surely its purification is penal, it very much concerns us to know what is common to both the views of purgatory that prevail in the Church. First, both these views agree that the pains are extremely severe. Both views also agree to the office that God intends purgatory to fulfill for the disembodied soul and the length of the suffering. This requires to be dwelt upon, as it is hard to convince people of it, and a great deal comes of the conviction, both to ourselves and others. This duration may be understood in two ways: first, as of actual length of time, and, secondly, as of seeming length from the excess of pain. With regard to the first, if we look into the revelations of Sister Francesca of Pampeluna, we find, among some hundreds of cases, that by far the great majority suffered thirty, forty, or sixty years. This disclosure may teach us greater watchfulness over our selves, and more unwearied perseverance in praying for the departed. The old foundations for perpetual Masses embody the same sentiment. We are apt to leave off too soon, imagining with a foolish and unenlightened fondness that our friends are freed from purgatory much sooner than they really are. If Sister Francesca beheld the souls of many fervent Carmelites (some of whom had wrought miracles in life) still in purgatory ten, twenty, thirty, sixty years after their death, and still not near their deliverance, as many told her, what must become of us and ours? Then as to seeming length from the extremity of pain, there are many instances on record in the Chronicles of the Franciscans, the life of Saint Francis Jerome, and elsewhere, of souls appearing an hour or two after death, and thinking they had been many years in purgatory. Such may be the purgatory of those who are caught up to meet the Lord at the Last Day. Both views agree that what we in the world call very trivial faults are most severely visited in purgatory. Saint Peter Damian gives us many instances of this and other instances are collected and quoted by Bellarmine. Often those instances include slight feelings of self-complacency, trifling inattentions in the recital of the Divine Office, and the like. Sister Francesca mentions the case of a girl of fourteen in purgatory because she was not quite conformed to the will of God in dying so young. One soul said to her, “Ah men little think in the world how dearly they are going to pay here for faults they hardly note there.� Sister Francesca even saw souls that were immensely punished only for having been scrupulous in this life; either, I suppose, because there is mostly self-will in scruples or because they did not lay them down when obedience commanded. Wrong notions about small faults may thus lead us to neglect the dead, to leave off our prayers too soon, as well as lose a lesson for ourselves. Then, again, both views agree as to the helplessness of the Holy Souls. They lie like the paralytic at the pool. It would seem as if even the coming of the angel were not an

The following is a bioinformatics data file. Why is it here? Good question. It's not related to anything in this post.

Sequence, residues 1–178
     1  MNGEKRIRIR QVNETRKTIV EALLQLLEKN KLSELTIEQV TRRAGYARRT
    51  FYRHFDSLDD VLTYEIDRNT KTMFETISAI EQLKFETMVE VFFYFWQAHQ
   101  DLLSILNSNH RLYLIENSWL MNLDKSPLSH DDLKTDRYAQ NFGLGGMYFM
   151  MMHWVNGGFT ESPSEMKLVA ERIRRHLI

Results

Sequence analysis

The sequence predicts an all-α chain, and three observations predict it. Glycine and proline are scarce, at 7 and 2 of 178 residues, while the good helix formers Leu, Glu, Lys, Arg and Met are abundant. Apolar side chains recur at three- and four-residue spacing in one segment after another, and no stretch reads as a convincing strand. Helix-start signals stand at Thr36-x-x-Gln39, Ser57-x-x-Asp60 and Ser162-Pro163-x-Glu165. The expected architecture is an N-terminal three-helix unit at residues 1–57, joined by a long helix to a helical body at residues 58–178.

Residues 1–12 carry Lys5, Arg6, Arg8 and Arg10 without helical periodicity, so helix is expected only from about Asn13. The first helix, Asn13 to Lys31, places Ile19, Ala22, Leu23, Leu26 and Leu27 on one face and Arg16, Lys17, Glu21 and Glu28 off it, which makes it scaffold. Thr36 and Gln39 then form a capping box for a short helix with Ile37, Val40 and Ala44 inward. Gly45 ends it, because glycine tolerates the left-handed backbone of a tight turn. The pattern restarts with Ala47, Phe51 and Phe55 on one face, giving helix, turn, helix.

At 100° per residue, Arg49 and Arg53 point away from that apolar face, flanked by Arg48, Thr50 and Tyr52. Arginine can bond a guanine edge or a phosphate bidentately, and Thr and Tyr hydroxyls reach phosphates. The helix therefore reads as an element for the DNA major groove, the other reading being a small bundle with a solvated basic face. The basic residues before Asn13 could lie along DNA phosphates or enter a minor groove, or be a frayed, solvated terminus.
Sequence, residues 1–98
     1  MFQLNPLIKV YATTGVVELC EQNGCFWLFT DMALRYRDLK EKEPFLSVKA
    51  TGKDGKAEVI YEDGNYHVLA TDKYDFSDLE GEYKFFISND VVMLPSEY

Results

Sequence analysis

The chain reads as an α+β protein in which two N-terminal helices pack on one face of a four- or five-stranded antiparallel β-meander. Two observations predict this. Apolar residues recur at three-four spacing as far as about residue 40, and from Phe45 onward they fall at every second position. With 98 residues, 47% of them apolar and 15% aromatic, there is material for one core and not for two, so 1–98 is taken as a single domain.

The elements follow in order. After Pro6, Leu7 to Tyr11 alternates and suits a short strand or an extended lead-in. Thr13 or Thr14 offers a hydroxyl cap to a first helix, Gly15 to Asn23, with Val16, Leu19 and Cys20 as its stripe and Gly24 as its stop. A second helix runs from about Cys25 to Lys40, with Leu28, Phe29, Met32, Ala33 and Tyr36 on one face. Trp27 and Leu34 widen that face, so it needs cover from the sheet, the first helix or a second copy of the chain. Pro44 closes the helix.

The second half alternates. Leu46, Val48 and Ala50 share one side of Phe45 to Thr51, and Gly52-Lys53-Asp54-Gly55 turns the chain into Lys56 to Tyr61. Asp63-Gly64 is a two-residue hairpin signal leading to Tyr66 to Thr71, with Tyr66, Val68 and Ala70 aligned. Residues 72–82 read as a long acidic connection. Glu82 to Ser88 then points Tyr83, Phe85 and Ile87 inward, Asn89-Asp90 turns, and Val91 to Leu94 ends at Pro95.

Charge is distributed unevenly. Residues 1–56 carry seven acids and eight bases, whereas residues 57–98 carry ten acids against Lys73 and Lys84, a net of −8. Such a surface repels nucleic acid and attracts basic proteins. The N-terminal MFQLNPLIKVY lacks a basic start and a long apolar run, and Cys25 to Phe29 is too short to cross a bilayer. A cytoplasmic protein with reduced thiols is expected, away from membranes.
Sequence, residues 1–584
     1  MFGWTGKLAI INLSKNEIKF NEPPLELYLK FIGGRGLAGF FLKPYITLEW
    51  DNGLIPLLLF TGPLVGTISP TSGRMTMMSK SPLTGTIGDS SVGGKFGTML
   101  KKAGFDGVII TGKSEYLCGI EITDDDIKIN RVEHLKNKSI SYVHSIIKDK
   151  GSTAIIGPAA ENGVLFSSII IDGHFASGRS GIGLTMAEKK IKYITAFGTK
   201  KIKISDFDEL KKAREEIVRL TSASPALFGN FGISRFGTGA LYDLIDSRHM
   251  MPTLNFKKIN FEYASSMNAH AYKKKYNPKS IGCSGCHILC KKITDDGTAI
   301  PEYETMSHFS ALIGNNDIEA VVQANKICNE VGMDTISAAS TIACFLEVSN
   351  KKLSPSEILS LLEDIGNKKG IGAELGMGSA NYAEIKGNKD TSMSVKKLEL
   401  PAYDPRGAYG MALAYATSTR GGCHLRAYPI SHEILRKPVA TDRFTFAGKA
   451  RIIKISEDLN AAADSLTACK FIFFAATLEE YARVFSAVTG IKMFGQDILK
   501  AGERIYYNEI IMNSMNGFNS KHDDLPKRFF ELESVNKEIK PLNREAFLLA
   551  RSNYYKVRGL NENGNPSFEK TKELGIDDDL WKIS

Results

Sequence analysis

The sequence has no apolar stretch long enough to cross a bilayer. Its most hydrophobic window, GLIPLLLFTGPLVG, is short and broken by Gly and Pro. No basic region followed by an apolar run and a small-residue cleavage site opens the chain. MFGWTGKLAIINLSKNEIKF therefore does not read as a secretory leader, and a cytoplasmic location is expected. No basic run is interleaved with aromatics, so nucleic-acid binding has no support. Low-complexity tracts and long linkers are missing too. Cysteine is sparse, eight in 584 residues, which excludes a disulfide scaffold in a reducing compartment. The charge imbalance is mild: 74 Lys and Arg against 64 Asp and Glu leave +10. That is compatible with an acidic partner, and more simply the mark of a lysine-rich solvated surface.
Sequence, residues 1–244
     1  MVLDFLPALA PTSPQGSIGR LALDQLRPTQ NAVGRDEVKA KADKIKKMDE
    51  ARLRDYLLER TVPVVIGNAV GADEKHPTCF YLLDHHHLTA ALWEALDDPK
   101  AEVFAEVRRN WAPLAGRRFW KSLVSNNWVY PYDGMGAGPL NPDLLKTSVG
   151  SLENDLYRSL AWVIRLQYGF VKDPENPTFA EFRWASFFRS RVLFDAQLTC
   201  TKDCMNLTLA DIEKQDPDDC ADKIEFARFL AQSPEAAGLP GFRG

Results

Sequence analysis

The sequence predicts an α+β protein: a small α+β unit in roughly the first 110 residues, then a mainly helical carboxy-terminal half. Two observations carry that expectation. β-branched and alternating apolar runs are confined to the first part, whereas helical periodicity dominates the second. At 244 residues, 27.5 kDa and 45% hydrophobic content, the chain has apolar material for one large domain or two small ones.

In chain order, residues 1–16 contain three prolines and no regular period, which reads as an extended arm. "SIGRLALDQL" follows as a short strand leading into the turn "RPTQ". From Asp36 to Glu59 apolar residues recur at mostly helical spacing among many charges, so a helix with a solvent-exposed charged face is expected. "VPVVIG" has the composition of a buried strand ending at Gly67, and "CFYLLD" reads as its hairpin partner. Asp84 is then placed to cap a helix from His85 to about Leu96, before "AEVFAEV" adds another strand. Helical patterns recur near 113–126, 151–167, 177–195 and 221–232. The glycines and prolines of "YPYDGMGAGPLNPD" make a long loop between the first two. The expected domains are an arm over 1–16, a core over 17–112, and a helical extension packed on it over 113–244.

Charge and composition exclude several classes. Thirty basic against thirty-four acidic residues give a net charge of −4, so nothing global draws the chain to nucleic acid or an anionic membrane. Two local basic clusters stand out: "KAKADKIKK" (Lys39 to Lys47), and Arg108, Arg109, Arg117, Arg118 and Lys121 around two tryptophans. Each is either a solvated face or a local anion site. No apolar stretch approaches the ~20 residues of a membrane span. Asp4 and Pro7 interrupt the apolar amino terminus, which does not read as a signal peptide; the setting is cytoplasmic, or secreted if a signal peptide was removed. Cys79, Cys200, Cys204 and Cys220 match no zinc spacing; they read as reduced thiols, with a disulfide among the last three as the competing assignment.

effectual blessing to them, unless one of us helps them. Some have even thought the Holy Souls cannot pray. It seems they have no means of making themselves heard by us even though they depend greatly on our charity. Some writers have said that Our Blessed Lord will not help them without our cooperation and that Our Blessed Lady cannot help them except in indirect ways because she is no longer able to make satisfaction. I never like to hear anything our dearest mother cannot do, therefore, I regard such statements with suspicion. Whatever may come of these opinions, they at least illustrate the strong way in which theologians apprehend the helplessness of the Holy Souls. Then another feature in their helplessness is the forgetfulness of the living or the cruel flattery of relations who will always have it that those near or dear to them die the deaths of Saints. They would surely have a scruple, if they knew of how many Masses and prayers they rob from the souls by the selfish exaggeration of the goodness of those souls in life. I call it selfish, for it is nothing more than a miserable device to console themselves in their sorrow. The very state of the Holy Souls is one of most unbounded helplessness. They cannot do penance; they cannot merit; they cannot satisfy; they cannot gain indulgences; they have no Sacraments; they are not under the jurisdiction of God’s Vicar, overflowing with the plentitude of means of grace and manifold benedictions. They are a portion of the Church without either priesthood or altar at their own command. Those are the points common to both views of purgatory and how manifold are the lessons we learn from them, on our own behalf as well as on behalf of the Holy Souls . What light does all this throw for us on slovenliness, luke warmness, and love of ease? What does it make us think of performing our devotions out of a mere spirit of formality or a trick of habit? What diligence in our examinations of conscience, confessions, Communions, and prayers! It seems as if the grace of all graces, for which we should ever be importuning our dear Lord, would be to hate sin with something of the hatred wherewith He hated it in the garden of Gethsemane. Oh, is not the purity of God something awful, unspeakable, and adorable? He, who is Himself a simple act, has gone on acting, multiplying acts since creation, yet he has incurred no stain! He is ever mingling with a most unutterable condescension with what is beneath Him--yet no stain! He loves His creatures with a love immeasurably more intense than the wildest passion of earth--yet no stain! He is omnipotent, yet it is beyond the limits of His power to receive a stain. He is so pure that the very vision of Him causes eternal purity and blessedness. Mary’s purity is but a fair thin shadow of it, and yet we, even we, are to dwell in His arms for ever, we are to dwell amid the everlasting burnings of that uncreated purity! Yet, let us look at our lives; let us trace our hearts faithfully through but one day and see of from what mixed